She immersed herself in the Main U’s Department of Ecology, Evolution and Behavior, studying bird behavior and even working at the university’s Itasca Biological Station and Laboratories. There, she studied reproductive hormones in birds and how stress affected reproduction. After graduation, she took a year off and traveled to Australia, California and Alabama to work on conservation projects. Throughout it all, she realized she had an inquisitive mind that asked good questions. So, buoyed with confidence, she went to grad school at the University of Tulsa, where she did some work with a swallow bug — akin to a bed bug for birds. She got really interested in parasites of birds and found a preeminent authority in Clayton, who drew her to Salt Lake City for her doctoral work.
Her family never wavered in its support.
“My entire family is close,” Knutie said. “I talked to my mom five times today. I’m 31 and still in school, but I don’t have anybody telling me, ‘You need to get a career; you need to have money and babies.’ It’s always been, ‘Get your degree and do what you want.’ ”
“To walk in the footsteps of Darwin is amazing,” said Knutie, who found that, in developing his theory of evolution by natural selection, Darwin “did some pretty crazy stuff himself.”
He rode tortoises. He tied a stone to a marine iguana and threw it out to sea to see if it would survive. According to the United Kingdom website, Truth In Science, he even ignored the finches that only later became his namesake. In his epic work, “The Origin of Species,” there is no mention of a finch.
In fact, it’s entirely likely Knutie spent more time studying finches than Darwin ever did.
Still, the ghost of Darwin adds wonder to the place.
“It is an absolutely gorgeous place, and a very special place with a lot of history,” Knutie said.
But to work among Darwin’s inspirational playground, Knutie and others at both the research station and Galapagos National Park have to stumble over lava rock, get pricked by cacti spines, rise at 4 a.m. to greet the animals they study and tolerate the 108-degree midday heat.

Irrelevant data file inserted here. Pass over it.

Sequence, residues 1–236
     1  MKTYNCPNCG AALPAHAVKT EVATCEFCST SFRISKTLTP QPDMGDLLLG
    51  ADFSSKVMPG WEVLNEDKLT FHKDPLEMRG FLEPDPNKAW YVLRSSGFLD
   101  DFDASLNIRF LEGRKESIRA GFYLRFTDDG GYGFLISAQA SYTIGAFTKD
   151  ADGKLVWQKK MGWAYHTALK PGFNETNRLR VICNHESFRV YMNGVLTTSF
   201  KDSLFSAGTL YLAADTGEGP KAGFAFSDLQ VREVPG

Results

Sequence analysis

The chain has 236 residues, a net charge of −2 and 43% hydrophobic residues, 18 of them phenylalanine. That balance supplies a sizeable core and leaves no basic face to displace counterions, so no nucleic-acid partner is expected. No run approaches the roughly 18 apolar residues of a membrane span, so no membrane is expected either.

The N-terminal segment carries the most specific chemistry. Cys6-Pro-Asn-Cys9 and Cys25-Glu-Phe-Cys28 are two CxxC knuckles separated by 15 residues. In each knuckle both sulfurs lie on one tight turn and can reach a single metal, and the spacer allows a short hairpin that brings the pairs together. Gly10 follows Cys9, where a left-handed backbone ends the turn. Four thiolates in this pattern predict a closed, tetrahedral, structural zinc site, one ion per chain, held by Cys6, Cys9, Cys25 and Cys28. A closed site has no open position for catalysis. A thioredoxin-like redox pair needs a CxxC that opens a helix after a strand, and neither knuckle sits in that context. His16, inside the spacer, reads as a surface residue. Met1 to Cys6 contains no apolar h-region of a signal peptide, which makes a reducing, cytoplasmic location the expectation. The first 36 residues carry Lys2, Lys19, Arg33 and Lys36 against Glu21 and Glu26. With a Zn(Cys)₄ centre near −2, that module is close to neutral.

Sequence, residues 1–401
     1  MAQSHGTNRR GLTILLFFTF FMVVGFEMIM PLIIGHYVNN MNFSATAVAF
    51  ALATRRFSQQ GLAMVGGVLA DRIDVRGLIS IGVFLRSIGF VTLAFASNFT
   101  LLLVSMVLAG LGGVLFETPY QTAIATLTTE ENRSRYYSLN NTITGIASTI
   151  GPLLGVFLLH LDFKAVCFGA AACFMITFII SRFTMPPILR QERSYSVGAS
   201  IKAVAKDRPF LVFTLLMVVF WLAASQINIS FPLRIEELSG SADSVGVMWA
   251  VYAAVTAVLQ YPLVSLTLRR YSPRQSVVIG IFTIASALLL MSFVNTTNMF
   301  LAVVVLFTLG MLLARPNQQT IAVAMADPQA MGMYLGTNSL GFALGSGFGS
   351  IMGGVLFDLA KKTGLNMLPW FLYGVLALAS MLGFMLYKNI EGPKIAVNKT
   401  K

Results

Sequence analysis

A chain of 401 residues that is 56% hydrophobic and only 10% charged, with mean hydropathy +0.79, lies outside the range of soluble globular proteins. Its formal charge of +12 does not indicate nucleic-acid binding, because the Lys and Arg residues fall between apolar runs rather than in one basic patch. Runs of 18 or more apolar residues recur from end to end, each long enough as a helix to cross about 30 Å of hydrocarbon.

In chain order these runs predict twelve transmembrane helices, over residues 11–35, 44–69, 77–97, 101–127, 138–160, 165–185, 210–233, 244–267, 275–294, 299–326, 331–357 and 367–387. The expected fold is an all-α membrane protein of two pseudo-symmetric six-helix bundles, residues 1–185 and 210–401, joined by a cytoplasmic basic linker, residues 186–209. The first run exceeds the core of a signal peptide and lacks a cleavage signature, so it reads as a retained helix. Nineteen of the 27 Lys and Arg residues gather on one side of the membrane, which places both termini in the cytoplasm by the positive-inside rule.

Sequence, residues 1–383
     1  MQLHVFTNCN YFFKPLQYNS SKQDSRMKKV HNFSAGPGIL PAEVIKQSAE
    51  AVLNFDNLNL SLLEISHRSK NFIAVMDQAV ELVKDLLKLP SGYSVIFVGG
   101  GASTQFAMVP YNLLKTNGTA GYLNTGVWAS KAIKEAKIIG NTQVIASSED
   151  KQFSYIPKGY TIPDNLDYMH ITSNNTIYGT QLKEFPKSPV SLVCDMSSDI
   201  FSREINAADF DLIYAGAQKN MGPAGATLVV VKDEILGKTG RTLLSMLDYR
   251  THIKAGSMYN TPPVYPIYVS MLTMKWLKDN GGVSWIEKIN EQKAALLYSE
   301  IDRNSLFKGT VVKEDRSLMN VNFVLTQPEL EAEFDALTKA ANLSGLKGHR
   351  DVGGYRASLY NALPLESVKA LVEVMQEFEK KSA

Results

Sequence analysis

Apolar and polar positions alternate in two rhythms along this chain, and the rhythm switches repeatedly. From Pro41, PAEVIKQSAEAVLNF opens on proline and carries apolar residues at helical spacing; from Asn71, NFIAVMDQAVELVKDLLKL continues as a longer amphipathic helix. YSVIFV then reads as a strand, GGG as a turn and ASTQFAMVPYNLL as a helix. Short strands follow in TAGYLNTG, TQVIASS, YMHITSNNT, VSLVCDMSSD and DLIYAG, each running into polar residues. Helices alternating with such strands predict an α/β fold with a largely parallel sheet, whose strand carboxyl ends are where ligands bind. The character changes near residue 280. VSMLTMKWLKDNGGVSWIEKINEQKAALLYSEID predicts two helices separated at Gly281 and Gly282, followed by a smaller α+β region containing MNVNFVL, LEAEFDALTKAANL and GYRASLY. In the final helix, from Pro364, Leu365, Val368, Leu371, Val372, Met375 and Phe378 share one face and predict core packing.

For most, that means a hearty pair of boots, shorts and a T-shirt. For Knutie, it was different. She found out on her first trip to the island that she was terribly allergic to a lovely plant, with leaves colored like molten lava, by the name of Croton.
“It gives me hives,” she said. “My skin gets so inflamed you can tap on it like it’s a hard table. It’s the one allergy I have.”
To combat the prolific plant, Knutie had to wear two pairs of pants simultaneously as well as two long sleeve shirts.
Said Knutie, “That’s dedication, I guess.”
Having already made such an exquisite discovery so early in her career, Knutie was bound to have post-doctoral options. She did and even while she works on her dissertation to complete her studies in Utah, she will begin work at the University of South Florida in July. She’ll be working on a disease that is driving the extinction of frogs and salamanders there and around the planet. It’s called Chytrid fungus, and it coats the skin of amphibians. Because amphibians breathe through their skin, the disease essentially suffocates the animals.
“The fact is, animals are being moved around the Earth to places they’re not supposed to be,” Knutie said. “It’s destroying whole ecosystems.”
Knutie made no promises that she’s going to solve this new conundrum. Before she starts, she’s scheduled to come home to Duluth for a visit. She’ll visit Hawk Ridge. She still finds inspiration there, among the raptors and other birds.
“I am so lucky that I found something I truly love to do,” she said. “Someone once told me you truly know what you love to do if you’d do it in your garage for free. I believe that.
“I love understanding these questions more than anything else in the world.”